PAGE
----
I’m still reading Understanding Poets and Prophets: Essays in Honour of George Wishart Anderson. Here are some items that interested my in my reading for today:
1. D.L. Mealand, in “John 5 and the Limits of Rhetorical Criticism”, mentions on pages 262 and 263 a Jewish debate about “how it can be that God does not observe his own sabbath law”. Mealand elaborates: “Students of Jewish literature know that it is because children are born, and people die, on Saturday, that God is (rabbinically) held to work on his own seventh day”. The idea here may be that God on the Sabbath day is causing births and deaths, and thus is working. Mealand does not provide more information than this, but he does refer to two sources: Raymond Brown’s 1971 commentary on the Gospel of John, and C.K. Barretts 1978 commentary on that book. Mealand is discussing John 5:17, in which Jesus justifies his healing activity on the Sabbath by saying that his Father works, and so does he.
2. E. Nielson, in “Psalm 73: Scandinavian Contributions”, discusses different approaches to Psalm 73. B. Duhm viewed it as a second century B.C.E. Pharisaic product that affirms a belief in personal immortality in vv 23-26, against the Sadducees. Although H. Gunkel believed that many Psalms were eschatological, he does not think that Psalm 73 fits that category. For Gunkel, Psalm 73 is a post-exilic wisdom Psalm, and Gunkel affirms that its message is that the Psalmist can endure pain in this life because the LORD is his portion. Sigmund Mowinckel dated the Psalm to Israel’s post-exilic period because it is negative about the rich, and he denied that it is about an afterlife—for its message is that God has reassured the afflicted that God will punish the evil rich and prolong the lives of the devout, in this life. H. Birkeland, as Mowinckel does for many Psalms, applied Psalm 73 to the nation of Israel’s suffering at the hands of foreign nations. But Birkeland added other ideas: that Psalm 73 indeed is about an afterlife, which is what enables the sufferer to stay with God forever (v 26); and that Psalm 73 is set in the time after Josiah had destroyed pagan sanctuaries, and the author was convinced that God would soon destroy idolaters. But Nielson is skeptical of this interpretation, noting on page 280 that “Birkeland does not ask why the wealthy oppressing class of foreigners are indifferent to what happened to their cherished sanctuaries of old!”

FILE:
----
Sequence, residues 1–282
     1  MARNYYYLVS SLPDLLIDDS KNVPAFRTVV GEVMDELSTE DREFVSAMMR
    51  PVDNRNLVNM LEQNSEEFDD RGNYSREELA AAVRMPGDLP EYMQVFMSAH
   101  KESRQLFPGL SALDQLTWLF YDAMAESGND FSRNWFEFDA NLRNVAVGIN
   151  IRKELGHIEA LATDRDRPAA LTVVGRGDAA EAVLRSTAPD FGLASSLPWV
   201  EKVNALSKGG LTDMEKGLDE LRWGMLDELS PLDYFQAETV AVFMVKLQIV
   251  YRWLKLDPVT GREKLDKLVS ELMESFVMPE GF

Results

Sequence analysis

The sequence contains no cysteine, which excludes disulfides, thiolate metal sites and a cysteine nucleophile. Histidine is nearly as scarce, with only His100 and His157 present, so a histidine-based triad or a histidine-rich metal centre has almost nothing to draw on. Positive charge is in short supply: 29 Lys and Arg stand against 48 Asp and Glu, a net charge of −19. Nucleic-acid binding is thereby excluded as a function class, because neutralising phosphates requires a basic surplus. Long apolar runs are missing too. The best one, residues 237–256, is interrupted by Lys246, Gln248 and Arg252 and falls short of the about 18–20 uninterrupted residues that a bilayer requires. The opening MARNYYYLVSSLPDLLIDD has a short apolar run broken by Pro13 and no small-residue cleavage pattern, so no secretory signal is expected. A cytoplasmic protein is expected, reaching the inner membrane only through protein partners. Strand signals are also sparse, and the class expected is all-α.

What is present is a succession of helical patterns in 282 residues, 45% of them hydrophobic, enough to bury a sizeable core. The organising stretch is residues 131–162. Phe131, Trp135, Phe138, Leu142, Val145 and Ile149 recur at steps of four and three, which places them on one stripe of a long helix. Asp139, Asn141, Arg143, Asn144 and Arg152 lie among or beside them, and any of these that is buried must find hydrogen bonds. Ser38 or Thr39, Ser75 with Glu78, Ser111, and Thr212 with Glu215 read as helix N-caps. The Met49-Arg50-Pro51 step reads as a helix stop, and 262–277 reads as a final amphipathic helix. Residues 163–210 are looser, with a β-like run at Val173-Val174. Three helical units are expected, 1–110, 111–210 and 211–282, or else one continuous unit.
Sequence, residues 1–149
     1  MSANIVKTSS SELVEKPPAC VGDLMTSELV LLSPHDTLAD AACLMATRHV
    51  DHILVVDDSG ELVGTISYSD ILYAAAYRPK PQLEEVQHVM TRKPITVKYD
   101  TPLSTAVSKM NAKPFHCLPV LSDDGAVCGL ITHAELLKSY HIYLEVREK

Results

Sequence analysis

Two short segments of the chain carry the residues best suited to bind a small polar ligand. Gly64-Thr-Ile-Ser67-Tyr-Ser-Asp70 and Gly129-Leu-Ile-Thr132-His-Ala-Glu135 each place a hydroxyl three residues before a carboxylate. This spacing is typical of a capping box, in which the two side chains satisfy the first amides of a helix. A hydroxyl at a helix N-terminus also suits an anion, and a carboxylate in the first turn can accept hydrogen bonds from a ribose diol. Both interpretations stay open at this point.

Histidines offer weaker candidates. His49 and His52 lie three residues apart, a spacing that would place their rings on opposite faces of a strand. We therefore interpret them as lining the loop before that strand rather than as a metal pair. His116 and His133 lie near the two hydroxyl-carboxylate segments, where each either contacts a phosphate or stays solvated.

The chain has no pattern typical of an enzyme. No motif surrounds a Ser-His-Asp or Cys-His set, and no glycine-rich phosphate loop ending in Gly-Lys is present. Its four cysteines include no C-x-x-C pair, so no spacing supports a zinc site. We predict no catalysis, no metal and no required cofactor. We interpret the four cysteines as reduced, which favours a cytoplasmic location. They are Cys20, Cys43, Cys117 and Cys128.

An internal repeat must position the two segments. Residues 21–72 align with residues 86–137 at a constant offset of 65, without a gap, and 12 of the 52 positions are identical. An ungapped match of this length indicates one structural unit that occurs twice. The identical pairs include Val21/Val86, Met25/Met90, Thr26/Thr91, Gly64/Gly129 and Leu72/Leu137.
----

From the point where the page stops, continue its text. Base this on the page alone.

Nielson mentions another interesting point as well. On page 278, he refers to A. Bentzen’s view that Psalm 73 is saying that the Psalmist was sinful to doubt God’s justice. Indeed, in vv 21-22, the Psalmist does confess his foolishness after he goes into the sanctuary and learns that God will punish the wicked.
3. M. Saebo, in “Who Is ‘The Man’ in Lamentations 3?’, talks about different interpretations of the lamenting individual of Lamentations 3. Is it Jeremiah? Or a typical “Everyman” sufferer? Or Israel described as an individual? Or King Jehoiakim? Saebo settles on the view that the lamenting individual is supposed to be King Zedekiah, the last king of Judah. Saebo’s reasons include the reference to chains and apparent captivity in Lamentations 3:7-9, which calls to mind Zedekiah’s fetters in II Kings 25:7, and his status as a prisoner; a possible allusion to Zedekiah’s blindness in Lamentations 3:2, where the man complains about being in darkness rather than light; the similarities between Lamentations 3 and Psalm 89, which is about God’s faithfulness to the Davidic king as well as the end of that monarchy; Lamentations 3:1’s reference to a rod, which recalls II Samuel 7:14’s statement that God will punish the erring Davidic monarch with a rod; and the reference to the king of Judah in Lamentations 4:20, which contains concepts that appear in a longer form in Psalm 89:19-38. Lamentations 3 ends on a hopeful note. If Saebo’s interpretation is correct, does Zedekiah hope that he himself will be restored, or does he believe that his own time is past, and so he is hoping primarily for the restoration of the nation of Israel?
4. Isaiah 26:19 states (in the KJV): “Thy dead men shall live, together with my dead body shall they arise. Awake and sing, ye that dwell in dust: for thy dew is as the dew of herbs, and the earth shall cast out the dead. ” J.F.A. Sawyer, in “‘My Secret Is with Me’ (Isaiah 24:16): Some Semantic Links Between Isaiah 24-27 and Daniel”, argues that Isaiah 26:19, like Daniel 12, is talking about the resurrection of individuals, not the entire nation—as Ezekiel’s vision of the dry bones does when it symbolically describes the resurrection of Israel as a resurrection of bodies (Ezekiel 37). Both Isaiah 26 and Daniel 12 contrast the fate of the righteous with that of the wicked, and Sawyer also notes verbal similarities between the two passages, and so Sawyer concludes that Isaiah 26 is describing an individual (not a national) resurrection. Daniel 12 is about the resurrection of martyrs, and, for Sawyer, Isaiah 26’s reference to resurrection may arise from a fear of martyrdom, or simply from piety.